Of course, the Theory of Personal Intelligence was influenced by many different perspectives, and I really view it as a synthesis rather than a completely new theory. According to Sternberg (1997, 2011), successful intelligence is defined as the ability to achieve one’s goals in life (in terms of one’s own personal standards), within one’s sociocultural context, by capitalizing on strengths and correcting or compensating for weaknesses, in order to adapt to, shape, and select environments, through a combination of analytical, creative, and practical abilities. Many elements of this theory have inspired the Theory of Personal Intelligence, including the personal definition of success, the importance of context and building on strengths, and the inclusion of abilities that go beyond IQ. The Theory of Personal Intelligence goes beyond ability, however, including engagement, character strengths, and other “noncognitive” traits in the model (Heckman, 2000 ; Peterson & Seligman, 1994 ).
As you may surmise, I don’t agree with this formulation. Eratostenes surpassed his sociocultural context, and whether he achieved his own goals in life might have been of interest to him, his mother and his friends, but did not influence his estimate of the circumference of the world. I see the above list as a way of asking another question “Did person X do well in life?”. That is, “did they use their talents well?” An important question. I would consider it the Mark Twain version of life success, in that if a kid gets to St Louis, they do well. As to actual success, then boring old IQ is the best predictor available, out of a weak bunch. I am all in favour of casting the net widely to catch abilities not yet detected, but when those focus on imagination (a great time waster) and creativity (a great morass of imponderables) barely a mouse crawls out from those mountains.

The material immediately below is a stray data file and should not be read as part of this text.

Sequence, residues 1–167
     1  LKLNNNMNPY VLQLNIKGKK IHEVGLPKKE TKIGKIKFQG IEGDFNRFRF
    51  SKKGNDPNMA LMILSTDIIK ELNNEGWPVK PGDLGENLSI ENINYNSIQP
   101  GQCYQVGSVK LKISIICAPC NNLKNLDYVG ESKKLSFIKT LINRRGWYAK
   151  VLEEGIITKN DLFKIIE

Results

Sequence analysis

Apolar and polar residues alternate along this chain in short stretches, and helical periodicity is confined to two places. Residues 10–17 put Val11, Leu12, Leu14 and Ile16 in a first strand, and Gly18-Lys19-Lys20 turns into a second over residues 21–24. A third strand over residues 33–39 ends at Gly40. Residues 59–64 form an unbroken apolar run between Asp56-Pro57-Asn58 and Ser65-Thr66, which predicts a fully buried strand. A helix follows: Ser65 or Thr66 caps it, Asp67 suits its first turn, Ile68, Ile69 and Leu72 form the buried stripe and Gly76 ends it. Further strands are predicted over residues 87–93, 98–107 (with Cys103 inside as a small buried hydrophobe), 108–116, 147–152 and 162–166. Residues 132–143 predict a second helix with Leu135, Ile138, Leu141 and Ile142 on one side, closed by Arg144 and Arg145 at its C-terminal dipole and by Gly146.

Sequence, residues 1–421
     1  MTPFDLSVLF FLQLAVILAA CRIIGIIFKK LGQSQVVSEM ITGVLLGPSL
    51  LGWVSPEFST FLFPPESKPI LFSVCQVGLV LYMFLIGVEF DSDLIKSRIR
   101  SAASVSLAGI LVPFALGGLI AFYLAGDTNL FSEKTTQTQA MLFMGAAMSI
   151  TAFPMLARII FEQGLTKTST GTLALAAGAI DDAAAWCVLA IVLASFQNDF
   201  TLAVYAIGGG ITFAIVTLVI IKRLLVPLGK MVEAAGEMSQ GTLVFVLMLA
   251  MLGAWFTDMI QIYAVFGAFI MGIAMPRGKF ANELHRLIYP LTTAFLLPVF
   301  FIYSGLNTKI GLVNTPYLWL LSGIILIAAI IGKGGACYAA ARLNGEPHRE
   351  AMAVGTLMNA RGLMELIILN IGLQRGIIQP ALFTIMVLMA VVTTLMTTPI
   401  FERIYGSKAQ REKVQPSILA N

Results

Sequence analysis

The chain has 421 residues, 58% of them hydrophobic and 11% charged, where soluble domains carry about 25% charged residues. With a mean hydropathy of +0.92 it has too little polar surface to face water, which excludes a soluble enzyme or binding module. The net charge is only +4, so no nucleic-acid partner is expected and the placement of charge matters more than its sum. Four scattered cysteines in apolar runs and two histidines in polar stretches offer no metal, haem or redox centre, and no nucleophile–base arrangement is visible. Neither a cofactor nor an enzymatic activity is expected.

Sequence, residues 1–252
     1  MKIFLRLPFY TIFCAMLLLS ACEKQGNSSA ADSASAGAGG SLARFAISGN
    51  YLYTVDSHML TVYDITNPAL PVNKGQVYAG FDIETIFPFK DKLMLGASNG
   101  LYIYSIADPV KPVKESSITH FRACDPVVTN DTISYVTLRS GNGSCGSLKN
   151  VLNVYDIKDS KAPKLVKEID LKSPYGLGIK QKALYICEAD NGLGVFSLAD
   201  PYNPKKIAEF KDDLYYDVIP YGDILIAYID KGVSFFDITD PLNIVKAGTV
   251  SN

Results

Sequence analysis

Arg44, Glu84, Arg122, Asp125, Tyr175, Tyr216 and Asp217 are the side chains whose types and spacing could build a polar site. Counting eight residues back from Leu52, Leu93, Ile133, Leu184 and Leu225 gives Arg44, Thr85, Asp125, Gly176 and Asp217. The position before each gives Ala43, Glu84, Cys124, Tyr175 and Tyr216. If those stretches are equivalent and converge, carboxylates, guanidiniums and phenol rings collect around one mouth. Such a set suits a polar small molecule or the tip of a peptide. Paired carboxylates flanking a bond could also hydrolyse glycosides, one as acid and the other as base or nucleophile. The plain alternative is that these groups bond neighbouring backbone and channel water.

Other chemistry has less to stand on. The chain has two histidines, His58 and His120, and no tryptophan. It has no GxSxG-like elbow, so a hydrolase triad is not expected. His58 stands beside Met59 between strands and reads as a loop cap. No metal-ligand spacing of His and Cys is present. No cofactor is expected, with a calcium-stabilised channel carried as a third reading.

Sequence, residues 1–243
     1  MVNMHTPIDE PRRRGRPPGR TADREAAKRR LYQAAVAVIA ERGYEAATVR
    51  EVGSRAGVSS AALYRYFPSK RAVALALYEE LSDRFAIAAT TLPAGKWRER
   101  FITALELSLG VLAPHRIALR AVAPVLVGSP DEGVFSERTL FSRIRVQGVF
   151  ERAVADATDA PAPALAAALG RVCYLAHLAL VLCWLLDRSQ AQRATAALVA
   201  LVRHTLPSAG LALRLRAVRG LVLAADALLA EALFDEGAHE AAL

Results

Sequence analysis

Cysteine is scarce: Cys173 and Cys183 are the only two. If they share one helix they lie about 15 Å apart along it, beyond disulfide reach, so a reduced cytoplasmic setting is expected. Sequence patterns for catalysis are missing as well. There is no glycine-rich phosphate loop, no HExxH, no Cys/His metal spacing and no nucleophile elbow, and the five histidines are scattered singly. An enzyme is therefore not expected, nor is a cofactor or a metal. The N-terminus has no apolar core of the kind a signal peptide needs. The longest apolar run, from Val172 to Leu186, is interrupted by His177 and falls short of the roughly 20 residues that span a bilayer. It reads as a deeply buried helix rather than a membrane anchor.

Mapping the Outer Envelope of Intelligence
A Multidimensional View from the Top
This is a very good summary of the work on high ability. It points out that there is no replication crisis in psychometrics. Many writers try to attach new labels to old constructs, but the underlying factors remain pretty constant, whatever they are called. I rate this work highly, and have covered it often, so I will commend it once again and pass on to other chapters, beyond asking you to remember the number 5.
Some years ago I was at a Royal Society conference, and over coffee heard two Fellows discussing that although the difference between elite athletes and average fitness could be measure accurately no such metric was available for mental ability. Boldly, I said that the brightest thinkers were 5 times as fast as the slowest, basing this on some observations by Jensen. They seemed will to accept this approximation.
Ninety- five years ago, Carl Emil Seashore (1922) pointed out that among a random sample of college freshmen, the top 5% can learn five times more academic material than the bottom 5% (per unit time), and that there are successive gradations in between these levels.
That is the forgotten aspect of intelligence: you can cover more ground faster, and so can travel further.
On page 251 there is a most interesting note on the Graduate Record examination, revealing that a score of 500 on the verbal scale puts you at the 59th percentile rank, but a score of 500 on the maths scale merely at the 18th percentile. Never accept a score without seeing the score distributions. Also, make a mental note that tests of maths ability are probably the most informative.
The Intelligence of Nations
This is a very good summary of the work Richard Lynn has done for years on the ability levels of nations. He once said that, if only Physics is of any value, and all other disciplines are mere stamp collecting, then he has been a mere collector of country IQs. This chapter gives the correlations between national level and lots of other economic and social indicators. I have covered the national data many times before, so will not add further comment other than to say that the chapter is a very good starting point for new readers.
Intelligences about Things and Intelligences about People
John D. Mayer
John Mayer is interested in social intelligence, and whether this exists as a separate ability. He also considers emotional intelligence and personal intelligence.